Friday, December 29, 2017

President Trump, "We're Going To Build A Wall"


First Look At Trump's US Mexico Border Wall

Published on Oct 29, 2017
First Look At Trump’s USA and Mexico Border Wall – Official
Thurstom Mandap
Published on Nov 19, 2017
The engineering here is awesome
President Donald Trump has set in motion his plan to build an “impenetrable, physical, tall, powerful, beautiful, southern border wall” between the US and Mexico.
The border is about 1,900 miles (3,100 km) long and traverses all sorts of terrain.
Mr Trump says his wall will cover 1,000 miles and natural obstacles will take care of the rest.
But how much will it cost and who is going to foot the bill?
What is the estimated budget?
“I would build a great wall, and nobody builds walls better than me, believe me, and I build them very inexpensively.”
Mr Trump claims the total cost of the wall will be $10bn (£7.5bn) to $12bn. But estimates from fact checkers and engineers seem to be universally higher.
Senate Majority Leader Mitch McConnell estimated it will cost between $12-15bn, as he addressed reporters at a Republican conference in Philadelphia.
The 650 miles of fencing already put up has cost the government more than $7bn, and none of it could be described, even charitably, as impenetrable, physical, tall, powerful or beautiful.
There are other reasons the costs would be likely to escalate beyond Mr Trump’s price tag – his plans require extending the wall into increasingly remote and mountainous regions, raising the building costs substantially.
Map showing where there is already a fence between the US and Mexico border
Adding even more to the expense, the new 1,000 miles would crisscross private land, which would have to be purchased, perhaps by legal force, or financial settlements made with owners.
A study by the Washington Post estimated the cost of the president’s wall would be closer to $25bn.
The row over payment
President Trump has always insisted Mexico will pay. Mexican President Enrique Pena Nieto has been equally insistent he will not.
Needing to fulfil his election pledge to start building on day one, Mr Trump has signed an executive order setting it in motion.
He has accepted that US taxpayers will have to cover the initial funding.
Congressional approval would be needed and Republicans have suggested a supplemental appropriations bill could be fleshed out over the next two months.
So, how would that money be recouped from Mexico?
There are a number of options, but nothing has been officially decided.
1. Raising tariffs on imports. Mr Trump’s spokesman, Sean Spicer, said on 26 January that the president wanted a 20% tax on Mexican imports to pay for the wall, although he later added that it was one of several options still being considered. “By doing it that way we can do $10bn (£8bn) a year and easily pay for the wall, just through that mechanism alone,” he told journalists. Forbes has argued that existing duties on Mexican goods would have to be quadrupled to pay for the whole of the wall, even if its cost were spread over 10 years. US companies would also almost certainly source products from elsewhere, reducing the revenue. The Mexican government could respond by removing tax benefits for US foreign investment. The investment totalled $101bn in 2013.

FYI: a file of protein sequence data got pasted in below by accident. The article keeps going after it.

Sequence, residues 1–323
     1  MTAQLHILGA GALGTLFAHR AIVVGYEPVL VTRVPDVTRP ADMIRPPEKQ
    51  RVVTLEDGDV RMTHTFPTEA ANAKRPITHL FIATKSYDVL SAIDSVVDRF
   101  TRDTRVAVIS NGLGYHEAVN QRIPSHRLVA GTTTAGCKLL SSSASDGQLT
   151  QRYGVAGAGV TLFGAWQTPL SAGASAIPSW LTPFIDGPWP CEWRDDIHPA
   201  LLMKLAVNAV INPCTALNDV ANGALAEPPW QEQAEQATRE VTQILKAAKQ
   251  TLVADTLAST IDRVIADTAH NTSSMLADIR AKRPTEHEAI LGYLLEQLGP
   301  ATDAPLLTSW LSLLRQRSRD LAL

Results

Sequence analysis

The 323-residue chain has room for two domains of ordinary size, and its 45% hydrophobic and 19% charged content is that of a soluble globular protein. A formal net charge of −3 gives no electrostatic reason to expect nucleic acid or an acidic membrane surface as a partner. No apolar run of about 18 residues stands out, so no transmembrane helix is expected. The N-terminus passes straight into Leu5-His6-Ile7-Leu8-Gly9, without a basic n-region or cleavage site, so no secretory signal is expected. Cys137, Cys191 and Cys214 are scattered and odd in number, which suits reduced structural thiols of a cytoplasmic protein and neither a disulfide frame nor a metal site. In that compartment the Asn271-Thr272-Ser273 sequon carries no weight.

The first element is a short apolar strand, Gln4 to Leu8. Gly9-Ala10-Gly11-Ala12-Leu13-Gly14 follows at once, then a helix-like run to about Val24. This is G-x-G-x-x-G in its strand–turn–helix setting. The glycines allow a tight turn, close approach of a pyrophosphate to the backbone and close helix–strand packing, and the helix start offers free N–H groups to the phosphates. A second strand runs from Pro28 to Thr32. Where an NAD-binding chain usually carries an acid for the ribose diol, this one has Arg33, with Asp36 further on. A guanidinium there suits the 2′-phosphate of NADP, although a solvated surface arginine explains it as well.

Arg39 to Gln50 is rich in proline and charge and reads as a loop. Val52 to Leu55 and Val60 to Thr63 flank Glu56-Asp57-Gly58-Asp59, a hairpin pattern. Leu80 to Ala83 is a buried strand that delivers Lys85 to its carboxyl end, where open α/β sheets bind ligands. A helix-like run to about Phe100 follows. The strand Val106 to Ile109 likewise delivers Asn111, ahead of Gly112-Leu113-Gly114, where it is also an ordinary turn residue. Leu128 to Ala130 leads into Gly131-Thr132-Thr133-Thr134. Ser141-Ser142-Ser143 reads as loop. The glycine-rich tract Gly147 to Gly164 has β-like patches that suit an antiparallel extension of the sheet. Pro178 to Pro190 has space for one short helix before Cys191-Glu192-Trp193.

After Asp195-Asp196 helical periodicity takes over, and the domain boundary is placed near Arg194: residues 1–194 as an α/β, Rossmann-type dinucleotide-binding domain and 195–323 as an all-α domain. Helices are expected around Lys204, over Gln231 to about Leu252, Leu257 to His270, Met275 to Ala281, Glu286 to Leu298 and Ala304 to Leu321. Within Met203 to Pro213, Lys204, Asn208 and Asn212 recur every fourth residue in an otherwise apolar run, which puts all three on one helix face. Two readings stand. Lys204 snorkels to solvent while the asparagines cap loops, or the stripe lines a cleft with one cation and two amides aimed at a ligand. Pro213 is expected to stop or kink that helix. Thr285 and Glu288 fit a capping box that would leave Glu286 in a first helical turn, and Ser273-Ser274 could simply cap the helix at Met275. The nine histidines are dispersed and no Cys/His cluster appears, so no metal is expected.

2. Remittances. Two possibilities here. President Trump could try to use laws aimed at preventing money-laundering to halt Mexicans working in the US from wiring money to families back home. The sector is huge – about $25bn a year. The hope is that the threat would cow Mexico into coughing up for the wall. The second option is to tax the remittances. Either a flat tax on all, or a far more punitive tax on those who cannot prove legal residence. But Mexicans affected by remittances might simply avoid using the wire companies and find undocumented third parties to transfer the cash.
3. Levying a “border adjustment” tax. House Republicans propose lowering corporation tax from 35% to 20% but base it on the place of consumption, not production. Imports would be taxed but not exports. A 20% tax, given the $60bn trade deficit with Mexico, would raise $12bn a year. Mexico could do little, the Washington Post reports, because border adjustments would apply to all US trading partners and would not therefore be seen as a singling out Mexico.
The Wall is Happening!
Posted by: Mark A.
September 1, 2017
One of President Donald Trump’s main campaign promises, and his most contentious issue to date, was to build a southern border wall between Mexico and the U.S. Since his inauguration, there has been significant pushback from Democrats, political organizations, and even some Republicans; but it appears that the wall will be going ahead, anyway.
When he first announced the wall, the president said he would protect:
“the southern border of the United States through the immediate construction of a physical wall on the southern border monitored and supported by adequate personnel so as to prevent illegal immigration, drug and human trafficking and acts of terrorism.”
Despite many months of seeming immobility, President Trump remains committed to getting it built. He said in his Arizona rally last week:
“Believe me; if we have to close down our government, we’re building that wall.”
This is a clear threat to shut down Government on October 1st if funding isn’t approved for the project. Congress hasn’t yet passed a spending resolution to keep the government fully operational past September 30th, and many see this as a very powerful way of getting his mandate fulfilled.